Libya

We're Not at War in Libya

At least, we're not engaged in combat per se. Therefore, President Obama isn't responsible for violating the War Powers Act -- at least not anywhere close to the extent it's been violated by almost every modern president.

The United States in April pulled its cruise missiles and attack planes out of combat in the NATO-led Libyan mission, though it still has them on standby. It’s currently providing support such as aerial refueling, surveillance and reconnaissance, according to the AP.

The rest of this item at ProPublica is a must read.

If your definition of "hostilities" (a key word employed in the War Powers Act) is providing "refueling, surveillance and reconnaissance" to a perfectly legal NATO military operation, then okay. President Obama is all kinds of guilty. But since April, we haven't fired a shot. And April was still within the 60 day window before congressional approval was required.

  • mrbrink

    Only congress can declare war, avi.

    That excludes you.

  • Thank you for changing the comment levels, Ashby!!! YOU rock! πŸ™‚

  • Hellayeah, I’d rather the Feds intervene in FL than in Lybia….then again, I’ve had too much wine. Ask me tomorrow and you’ll get a more cogent, reasonable analysis. πŸ™‚

  • dildenusa

    Just in case anybody is interested, here is the breakdown of the votes.

    http://clerk.house.gov/evs/2011/roll494.xml
    http://clerk.house.gov/evs/2011/roll493.xml

  • Edited to remove a comment I thought better of (and no one had replied to or seemingly seen).

  • JMAshby

    I’d like to add that the U.S. arbitrarily withdrawing, especially by act of congress, its support from a NATO operation would set a very bad precedent and would call into question the foundation of the entire organization. Especially since we have been dragging NATO by the collar through Afghanistan for a decade.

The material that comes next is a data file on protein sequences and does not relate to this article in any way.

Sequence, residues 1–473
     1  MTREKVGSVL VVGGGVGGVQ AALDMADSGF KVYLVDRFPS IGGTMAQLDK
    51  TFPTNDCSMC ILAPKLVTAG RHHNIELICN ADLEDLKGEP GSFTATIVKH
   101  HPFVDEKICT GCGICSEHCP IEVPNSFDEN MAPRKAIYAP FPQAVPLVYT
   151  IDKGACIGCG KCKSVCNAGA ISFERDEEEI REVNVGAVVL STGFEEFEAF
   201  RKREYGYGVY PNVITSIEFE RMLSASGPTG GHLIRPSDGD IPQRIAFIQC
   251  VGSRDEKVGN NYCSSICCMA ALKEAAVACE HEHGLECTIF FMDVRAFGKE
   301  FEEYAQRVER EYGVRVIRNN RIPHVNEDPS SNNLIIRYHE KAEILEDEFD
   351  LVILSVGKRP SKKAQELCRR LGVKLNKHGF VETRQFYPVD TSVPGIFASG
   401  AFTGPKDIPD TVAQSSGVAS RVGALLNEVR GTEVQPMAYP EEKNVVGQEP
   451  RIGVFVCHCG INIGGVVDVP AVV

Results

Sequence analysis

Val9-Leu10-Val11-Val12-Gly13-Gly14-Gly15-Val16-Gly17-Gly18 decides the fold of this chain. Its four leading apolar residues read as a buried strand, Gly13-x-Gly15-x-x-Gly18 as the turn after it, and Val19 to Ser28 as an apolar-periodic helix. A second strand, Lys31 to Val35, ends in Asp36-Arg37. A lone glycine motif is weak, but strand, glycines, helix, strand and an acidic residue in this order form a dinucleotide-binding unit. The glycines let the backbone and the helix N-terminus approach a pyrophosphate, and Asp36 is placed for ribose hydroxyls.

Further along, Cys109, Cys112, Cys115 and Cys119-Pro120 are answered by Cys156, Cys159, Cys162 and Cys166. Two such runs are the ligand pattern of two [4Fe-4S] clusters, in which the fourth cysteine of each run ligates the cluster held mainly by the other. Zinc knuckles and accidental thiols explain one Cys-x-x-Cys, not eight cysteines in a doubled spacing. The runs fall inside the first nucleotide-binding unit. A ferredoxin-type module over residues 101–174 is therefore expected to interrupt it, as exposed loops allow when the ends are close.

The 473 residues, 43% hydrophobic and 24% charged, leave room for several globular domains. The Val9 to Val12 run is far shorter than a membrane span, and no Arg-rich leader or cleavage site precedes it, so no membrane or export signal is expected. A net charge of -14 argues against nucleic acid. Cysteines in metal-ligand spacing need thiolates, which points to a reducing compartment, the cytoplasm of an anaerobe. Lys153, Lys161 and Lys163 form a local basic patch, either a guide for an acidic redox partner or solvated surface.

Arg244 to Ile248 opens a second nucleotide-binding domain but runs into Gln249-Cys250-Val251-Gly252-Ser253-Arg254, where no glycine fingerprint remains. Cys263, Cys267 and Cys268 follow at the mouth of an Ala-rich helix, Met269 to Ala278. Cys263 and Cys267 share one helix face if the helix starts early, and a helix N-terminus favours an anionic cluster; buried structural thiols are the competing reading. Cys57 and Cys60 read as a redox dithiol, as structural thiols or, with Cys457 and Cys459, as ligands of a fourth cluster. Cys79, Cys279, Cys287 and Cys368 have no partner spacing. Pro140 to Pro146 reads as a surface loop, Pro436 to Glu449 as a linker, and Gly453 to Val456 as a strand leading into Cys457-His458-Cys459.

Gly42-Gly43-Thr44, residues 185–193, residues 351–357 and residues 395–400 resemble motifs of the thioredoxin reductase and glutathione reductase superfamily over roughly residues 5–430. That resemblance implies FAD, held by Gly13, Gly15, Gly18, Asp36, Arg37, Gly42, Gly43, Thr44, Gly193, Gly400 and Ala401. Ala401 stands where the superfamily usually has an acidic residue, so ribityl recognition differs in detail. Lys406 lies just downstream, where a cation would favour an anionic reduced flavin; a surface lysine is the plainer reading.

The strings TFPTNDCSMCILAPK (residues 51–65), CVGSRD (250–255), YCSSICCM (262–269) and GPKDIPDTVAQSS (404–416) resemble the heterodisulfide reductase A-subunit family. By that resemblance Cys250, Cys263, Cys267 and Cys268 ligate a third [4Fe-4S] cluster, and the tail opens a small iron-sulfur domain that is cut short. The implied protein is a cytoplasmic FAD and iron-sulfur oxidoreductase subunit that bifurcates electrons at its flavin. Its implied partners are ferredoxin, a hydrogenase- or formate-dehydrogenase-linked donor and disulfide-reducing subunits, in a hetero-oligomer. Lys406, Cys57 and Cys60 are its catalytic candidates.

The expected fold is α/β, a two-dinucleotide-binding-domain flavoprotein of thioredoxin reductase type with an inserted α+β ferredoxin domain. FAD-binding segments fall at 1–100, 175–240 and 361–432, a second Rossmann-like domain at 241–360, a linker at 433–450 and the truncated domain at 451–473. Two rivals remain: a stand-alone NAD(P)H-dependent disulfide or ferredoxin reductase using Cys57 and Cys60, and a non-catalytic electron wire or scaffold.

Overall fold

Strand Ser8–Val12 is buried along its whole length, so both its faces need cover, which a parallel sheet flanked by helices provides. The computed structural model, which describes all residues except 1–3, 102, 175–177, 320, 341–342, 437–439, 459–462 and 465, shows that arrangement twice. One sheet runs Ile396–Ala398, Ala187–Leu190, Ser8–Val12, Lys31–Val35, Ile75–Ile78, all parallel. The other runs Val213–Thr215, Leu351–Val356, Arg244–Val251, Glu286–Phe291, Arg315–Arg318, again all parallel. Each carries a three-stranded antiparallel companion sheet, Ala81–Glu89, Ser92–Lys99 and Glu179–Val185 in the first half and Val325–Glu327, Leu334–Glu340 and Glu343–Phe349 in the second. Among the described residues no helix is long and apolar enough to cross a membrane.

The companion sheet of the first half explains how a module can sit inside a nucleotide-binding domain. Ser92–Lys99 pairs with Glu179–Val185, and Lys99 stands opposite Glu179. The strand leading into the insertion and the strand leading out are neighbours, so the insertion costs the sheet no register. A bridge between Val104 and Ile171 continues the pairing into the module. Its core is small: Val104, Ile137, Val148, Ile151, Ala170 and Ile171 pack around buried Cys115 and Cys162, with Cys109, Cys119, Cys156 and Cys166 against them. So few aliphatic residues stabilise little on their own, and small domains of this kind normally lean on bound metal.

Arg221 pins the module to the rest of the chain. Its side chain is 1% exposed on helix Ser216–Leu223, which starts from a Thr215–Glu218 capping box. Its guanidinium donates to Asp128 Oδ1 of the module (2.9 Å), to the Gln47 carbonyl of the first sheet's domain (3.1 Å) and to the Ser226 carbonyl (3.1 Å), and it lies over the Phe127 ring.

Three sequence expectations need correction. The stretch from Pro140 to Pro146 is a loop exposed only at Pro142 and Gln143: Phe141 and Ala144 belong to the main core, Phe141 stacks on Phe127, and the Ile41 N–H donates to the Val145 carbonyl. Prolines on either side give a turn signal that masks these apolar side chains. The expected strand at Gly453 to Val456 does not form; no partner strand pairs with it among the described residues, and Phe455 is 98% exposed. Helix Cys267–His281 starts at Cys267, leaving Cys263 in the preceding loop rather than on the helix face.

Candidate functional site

There would be an immediate vote of no-confidence on the organization and NATO support in Afghanistan would evaporate.

    I’d say that’s the reason Congress will not, in the end, defund it or otherwise legislate against it. They know the consequences. In the meanwhile though, they can grand-stand and bark.

    You can call it whatever you want. I don’t care personally. It doesn’t change anything whether you call it “war” or “flag football.”

    • Ashby, I agree with your practical point that it makes not one whit of difference. However I think the esoteric point has to be VERY important in a situation where lives are at stake and when our government gets to make that decision.

      And I would go a step further than Avi has in this conversation and say that when we intervene in situations ostensibly to protect people from their own government, regardless of whether we call it war or flag football, we should be consistent about it. It urks me to no end that we aren’t going into Syria. Why not? If protecting nascent democratic movements being assaulted by evil totalitarian regimes, why aren’t we in Syria? I would say fine, if we’re going to commit to supporting movements like this, then go in everywhere its happening. And if you’re not willing to go in everywhere, find another way, preferably a less militaristic way. But let’s not cloak ourselves as saviors and boldly save some people while others in other nations (i.e., ones without oil) are butchered.

      Ultimately my point is let’s be honest with ourselves if no one else. We are engaged in a war in Libya. If we are going to be consistent about it, we should probably be engaged in similar activities in Syria, Iran and a whole bunch of other places. But don’t call it “non-war” and don’t pretend that we’re being noble. When we act like this, we’re no better than the GOP.

      • JMAshby

        Foreign policy is a complicated business. The fact is you can’t treat every country exactly the same way because no two are the same politically, militarily, or geographically.

        The notion that we should apply the same blanket strategy to every situation simply doesn’t jive with reality and such a strategy would leave us with even fewer options for dealing with the complexities of the world.

        And the answer for why we’re supporting NATO operations in Libya and not Syria should be obvious. Intervening in Libya doesn’t carry the risk of igniting an entire regional war. NATO also has no strategic interests in Syria.

        Nothing is simple.

        • ranger11

          I’m still trying to figure out why I should lose my shit over Libya with an economy and unemployment situation being what it is. Also living in a state with Rick Scott being my governor. Can Obama intervene in Florida?

          • JMAshby

            It’s equally perplexing to me.

          • Yeah, I hear ya. I wish the Feds could intervene in Michigan. After all, we’ve become Somalia. πŸ™